Round Drafted: Sixth
Position: Relief Pitcher
The Detroit Tigers were clearly looking to boost the team’s pitching ranks, as Garcia represents yet another intriguing talent added to the system.
Another reliever with the potential to eventually come out of Detroit’s bullpen, the University of Miami pitcher thrived early with Connecticut.
Over 18 innings, the right-hander struck out 21 batters while allowing just three walks, two earned runs and one home run.
Garcia was roughed up in his only appearance for Western Michigan, getting tagged for three runs in just 0.2 innings of work, but that shouldn’t stop him from advancing through Detroit’s system.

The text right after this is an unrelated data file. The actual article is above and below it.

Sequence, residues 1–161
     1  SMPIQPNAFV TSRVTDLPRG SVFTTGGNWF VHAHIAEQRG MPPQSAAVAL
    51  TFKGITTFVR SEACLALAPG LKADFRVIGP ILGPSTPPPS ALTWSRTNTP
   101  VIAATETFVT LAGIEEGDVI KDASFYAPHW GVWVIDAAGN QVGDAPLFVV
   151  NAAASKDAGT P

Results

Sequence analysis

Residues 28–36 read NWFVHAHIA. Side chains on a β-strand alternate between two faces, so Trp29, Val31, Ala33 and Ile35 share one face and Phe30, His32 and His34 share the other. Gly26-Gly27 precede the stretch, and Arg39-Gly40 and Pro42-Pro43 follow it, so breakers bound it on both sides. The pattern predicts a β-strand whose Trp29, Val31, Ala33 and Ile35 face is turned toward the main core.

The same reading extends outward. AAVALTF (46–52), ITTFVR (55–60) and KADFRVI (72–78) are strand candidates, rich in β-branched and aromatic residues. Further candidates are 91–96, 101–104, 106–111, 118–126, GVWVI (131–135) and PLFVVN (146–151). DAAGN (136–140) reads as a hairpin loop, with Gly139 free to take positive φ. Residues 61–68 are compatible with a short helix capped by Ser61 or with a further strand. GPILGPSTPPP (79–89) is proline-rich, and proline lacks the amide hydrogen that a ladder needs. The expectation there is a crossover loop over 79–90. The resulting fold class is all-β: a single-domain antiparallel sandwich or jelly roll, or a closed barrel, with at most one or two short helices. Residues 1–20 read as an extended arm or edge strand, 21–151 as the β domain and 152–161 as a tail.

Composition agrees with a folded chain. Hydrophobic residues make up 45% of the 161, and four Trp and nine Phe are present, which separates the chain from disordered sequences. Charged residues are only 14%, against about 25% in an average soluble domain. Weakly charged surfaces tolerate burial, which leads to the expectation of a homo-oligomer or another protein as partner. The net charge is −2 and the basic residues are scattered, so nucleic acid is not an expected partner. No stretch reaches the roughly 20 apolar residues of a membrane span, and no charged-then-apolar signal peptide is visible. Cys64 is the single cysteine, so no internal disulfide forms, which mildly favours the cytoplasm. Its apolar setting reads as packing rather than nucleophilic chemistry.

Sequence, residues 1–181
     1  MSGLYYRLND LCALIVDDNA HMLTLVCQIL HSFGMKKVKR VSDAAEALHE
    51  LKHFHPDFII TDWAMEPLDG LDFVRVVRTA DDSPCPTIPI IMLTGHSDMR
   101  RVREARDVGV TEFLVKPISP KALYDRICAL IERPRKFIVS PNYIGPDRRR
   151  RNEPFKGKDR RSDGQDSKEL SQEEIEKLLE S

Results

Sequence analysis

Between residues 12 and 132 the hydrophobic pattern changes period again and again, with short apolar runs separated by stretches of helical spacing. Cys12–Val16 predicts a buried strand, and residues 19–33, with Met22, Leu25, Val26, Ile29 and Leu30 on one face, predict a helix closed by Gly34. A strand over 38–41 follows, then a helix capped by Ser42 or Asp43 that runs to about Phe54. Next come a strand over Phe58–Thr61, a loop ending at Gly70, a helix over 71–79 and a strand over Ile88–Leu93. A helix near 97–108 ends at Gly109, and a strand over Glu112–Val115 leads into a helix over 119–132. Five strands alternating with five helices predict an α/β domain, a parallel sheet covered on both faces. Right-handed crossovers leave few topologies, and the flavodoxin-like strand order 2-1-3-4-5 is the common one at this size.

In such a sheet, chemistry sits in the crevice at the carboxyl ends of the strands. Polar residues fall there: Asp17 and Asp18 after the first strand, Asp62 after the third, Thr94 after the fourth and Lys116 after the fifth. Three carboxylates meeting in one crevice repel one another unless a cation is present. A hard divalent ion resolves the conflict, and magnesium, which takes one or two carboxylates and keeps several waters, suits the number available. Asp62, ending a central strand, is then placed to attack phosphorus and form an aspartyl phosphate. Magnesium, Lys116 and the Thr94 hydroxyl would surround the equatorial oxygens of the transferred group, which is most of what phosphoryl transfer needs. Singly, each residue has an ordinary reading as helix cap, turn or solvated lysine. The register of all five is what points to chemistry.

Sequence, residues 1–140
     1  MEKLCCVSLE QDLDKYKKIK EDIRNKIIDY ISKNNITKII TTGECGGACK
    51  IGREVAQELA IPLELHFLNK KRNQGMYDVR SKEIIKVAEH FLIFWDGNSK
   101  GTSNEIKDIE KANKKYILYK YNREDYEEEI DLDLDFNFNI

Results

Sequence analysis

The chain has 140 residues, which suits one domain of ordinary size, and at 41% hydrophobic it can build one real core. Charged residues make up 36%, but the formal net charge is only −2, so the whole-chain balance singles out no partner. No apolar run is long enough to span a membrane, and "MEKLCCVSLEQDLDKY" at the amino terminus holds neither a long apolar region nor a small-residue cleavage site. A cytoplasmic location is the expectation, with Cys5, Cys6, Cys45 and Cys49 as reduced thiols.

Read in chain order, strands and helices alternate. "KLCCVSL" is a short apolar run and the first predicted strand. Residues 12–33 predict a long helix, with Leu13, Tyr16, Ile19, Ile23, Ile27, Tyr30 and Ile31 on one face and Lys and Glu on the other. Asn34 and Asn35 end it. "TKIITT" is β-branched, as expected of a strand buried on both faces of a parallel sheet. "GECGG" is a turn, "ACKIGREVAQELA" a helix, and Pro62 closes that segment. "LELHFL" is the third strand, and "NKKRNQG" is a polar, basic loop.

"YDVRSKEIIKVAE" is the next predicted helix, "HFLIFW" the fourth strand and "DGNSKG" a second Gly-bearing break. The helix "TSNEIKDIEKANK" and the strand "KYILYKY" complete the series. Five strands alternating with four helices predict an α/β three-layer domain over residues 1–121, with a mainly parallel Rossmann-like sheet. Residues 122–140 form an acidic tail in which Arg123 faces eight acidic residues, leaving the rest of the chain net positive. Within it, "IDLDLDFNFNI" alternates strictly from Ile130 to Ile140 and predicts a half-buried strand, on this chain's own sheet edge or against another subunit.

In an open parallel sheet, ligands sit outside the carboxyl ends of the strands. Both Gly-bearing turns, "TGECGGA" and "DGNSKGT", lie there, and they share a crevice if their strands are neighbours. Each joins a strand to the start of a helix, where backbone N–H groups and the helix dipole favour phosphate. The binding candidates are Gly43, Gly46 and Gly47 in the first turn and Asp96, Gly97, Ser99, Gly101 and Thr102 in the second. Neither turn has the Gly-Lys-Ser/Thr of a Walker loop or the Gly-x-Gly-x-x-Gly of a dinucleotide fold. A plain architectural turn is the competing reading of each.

Round Drafted: Seventh
Position: Starting Pitcher
Detroit finally broke out of its early draft pattern… of selecting right-handed pitchers.
The Tigers nabbed left-handed starter Austin Sodders in the seventh round. Like many of the team’s other early-round draft picks, Sodders thrived.
The Detroit Tigers farmhand notched a 2.29 ERA in 39.1 innings for Connecticut, striking out 33 along the way. What’s more, he allowed just five walks and a 1.017 WHIP.
Round Drafted: Eighth
After drafting a southpaw to break the trend of right-handers, the Detroit Tigers went an entirely different direction in the eighth round. The team selected outfielder Jacob Robson.
The London, Ontario native enjoyed a productive season at the plate while seeing time at all three outfield positions.
Over 49 games and 209 plate appearances, Robson hit .294 with a .399 on-base percentage. He also chipped in with 30 runs scored, 15 stolen bases, 11 RBI, nine doubles, three triples and a home run.
What was perhaps most encouraging about the Mississippi State product’s season was his 31 walks compared to just 42 punch outs.